Gr 1--4--Using clear, down-to-earth language, a friendly writing style, and a touch of humor, this book explains the nature of nanoscience--the study of very, very small materials. The explanations are perfect for young readers. They begin with what children know ("Look around your home. Everything is made out of something") and then proceed to introduce words readers need to know such as atom, molecule, graphite, grapheme, and nanomaterial. The author doesn't hesitate to speak directly to the reader. After explaining that everything on Earth is made from atoms, she writes, "Stop: read that last sentence again. It's a gigantic idea to get your head around, but it's too important to skip over." The written content is presented using engaging and effective examples that are well-supported by the illustrations. A discussion of how nanoscience is a work in progress discusses how graphene, a material made from a single layer of graphite, is already being used to make lighter airplanes that require less fuel and emit less pollution and windowpanes that wash themselves using only sunlight. The illustrations show "Before" and "After" pictures of both planes and windows. Throughout the book, readers are also told about the nature of science--how discoveries are often preceded by years of failure, that exciting discoveries are yet to come, and that these discoveries might even be made by the reader. VERDICT An excellent book for getting young children interested in science, this supports classroom studies of matter, the work of scientists, and the possibilities of future discoveries.--Myra Zarnowski, City Univ. of New York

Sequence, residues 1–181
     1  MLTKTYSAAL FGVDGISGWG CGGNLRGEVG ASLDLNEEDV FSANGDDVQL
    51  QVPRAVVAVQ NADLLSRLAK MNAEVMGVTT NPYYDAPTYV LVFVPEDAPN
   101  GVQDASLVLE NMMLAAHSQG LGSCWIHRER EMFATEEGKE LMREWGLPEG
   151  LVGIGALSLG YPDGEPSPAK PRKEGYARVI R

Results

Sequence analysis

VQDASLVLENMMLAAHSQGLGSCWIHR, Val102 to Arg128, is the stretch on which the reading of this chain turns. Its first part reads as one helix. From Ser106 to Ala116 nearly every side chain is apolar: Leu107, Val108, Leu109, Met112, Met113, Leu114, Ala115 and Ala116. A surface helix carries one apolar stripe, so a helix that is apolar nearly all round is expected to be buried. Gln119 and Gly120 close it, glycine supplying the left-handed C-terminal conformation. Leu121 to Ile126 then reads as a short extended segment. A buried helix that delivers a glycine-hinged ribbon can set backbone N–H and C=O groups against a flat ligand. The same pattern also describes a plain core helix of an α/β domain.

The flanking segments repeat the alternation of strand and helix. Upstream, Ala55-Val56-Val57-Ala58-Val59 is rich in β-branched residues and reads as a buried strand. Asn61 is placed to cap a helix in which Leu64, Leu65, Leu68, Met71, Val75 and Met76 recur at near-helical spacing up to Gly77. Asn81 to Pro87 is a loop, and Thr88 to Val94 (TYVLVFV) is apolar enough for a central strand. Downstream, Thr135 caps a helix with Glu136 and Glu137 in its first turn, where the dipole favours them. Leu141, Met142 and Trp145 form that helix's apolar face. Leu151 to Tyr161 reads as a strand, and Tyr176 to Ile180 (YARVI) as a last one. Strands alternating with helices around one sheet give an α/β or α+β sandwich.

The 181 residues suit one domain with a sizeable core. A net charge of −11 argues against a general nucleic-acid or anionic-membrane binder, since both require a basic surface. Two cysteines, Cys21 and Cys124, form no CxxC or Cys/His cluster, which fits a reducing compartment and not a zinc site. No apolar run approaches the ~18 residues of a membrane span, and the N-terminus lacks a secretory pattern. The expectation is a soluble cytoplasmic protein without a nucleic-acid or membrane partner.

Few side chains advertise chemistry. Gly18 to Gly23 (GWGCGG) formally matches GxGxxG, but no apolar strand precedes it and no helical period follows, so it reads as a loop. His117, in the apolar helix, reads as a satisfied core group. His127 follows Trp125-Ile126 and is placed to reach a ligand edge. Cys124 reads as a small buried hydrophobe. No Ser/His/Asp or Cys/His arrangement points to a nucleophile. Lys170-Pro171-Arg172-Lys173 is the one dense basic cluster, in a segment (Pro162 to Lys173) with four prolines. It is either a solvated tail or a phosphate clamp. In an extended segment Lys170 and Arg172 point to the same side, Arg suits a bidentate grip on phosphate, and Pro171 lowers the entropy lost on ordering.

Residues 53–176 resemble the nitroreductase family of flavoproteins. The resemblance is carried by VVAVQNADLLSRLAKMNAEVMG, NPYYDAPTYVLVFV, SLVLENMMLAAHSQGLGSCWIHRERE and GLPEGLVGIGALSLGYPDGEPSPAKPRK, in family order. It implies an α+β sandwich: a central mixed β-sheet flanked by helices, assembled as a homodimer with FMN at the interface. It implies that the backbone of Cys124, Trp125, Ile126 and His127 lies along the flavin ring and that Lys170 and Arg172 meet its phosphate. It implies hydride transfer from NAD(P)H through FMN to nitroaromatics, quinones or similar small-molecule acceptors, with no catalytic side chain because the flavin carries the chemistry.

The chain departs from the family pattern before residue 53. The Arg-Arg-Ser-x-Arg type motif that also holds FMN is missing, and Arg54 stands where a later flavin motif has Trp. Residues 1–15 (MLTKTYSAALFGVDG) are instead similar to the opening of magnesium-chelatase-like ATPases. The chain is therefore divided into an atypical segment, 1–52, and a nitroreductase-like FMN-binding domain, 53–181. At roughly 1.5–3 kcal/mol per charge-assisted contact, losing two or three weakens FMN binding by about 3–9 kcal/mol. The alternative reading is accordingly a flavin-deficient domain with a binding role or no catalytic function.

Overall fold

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Review by Kirkus Book Review

What amazing things could be made from the very tiniest building blocks? Physicist Wade provides an introduction to the science of new and to-be-discovered materials based on nanotechnology. "Everything is made out of something," she begins, starting with a general, macro look at the world around us. Materials like paper, wood, metal, cotton, glass have different attributes: "light, heavy, strong, or flexible." The way that atoms, or elements, are "mixed together" creates the attributes of the resulting material. Carbon, a "very important element" in the human body and "in every living thing," can be found on its own as graphite, as in the soft substance in a pencil. One layer of carbon atoms makes up a new substance called graphene--"the strongest material known to human beings. If you made a tightrope out of graphene, an elephant could walk along it without breaking it." Castrillón's whimsical art is intriguingly paired with the subject matter, incorporating both the explanatory and speculative, using fine lines that seem delicate but are also robust--light but muscular, just like the materials Wade describes. Graphene and other nanomaterials have astonishing applications both current (lighter airplanes, self-washing windows) and potential (sieves that could make ocean water drinkable; nervelike connections that could help blind people see). (This book was reviewed digitally.) A marvelous spark for the imagination and motivation to learn more. (further information, index) (Informational picture book. 4-9) Copyright (c) Kirkus Reviews, used with permission.

Copyright (c) Kirkus Reviews, used with permission.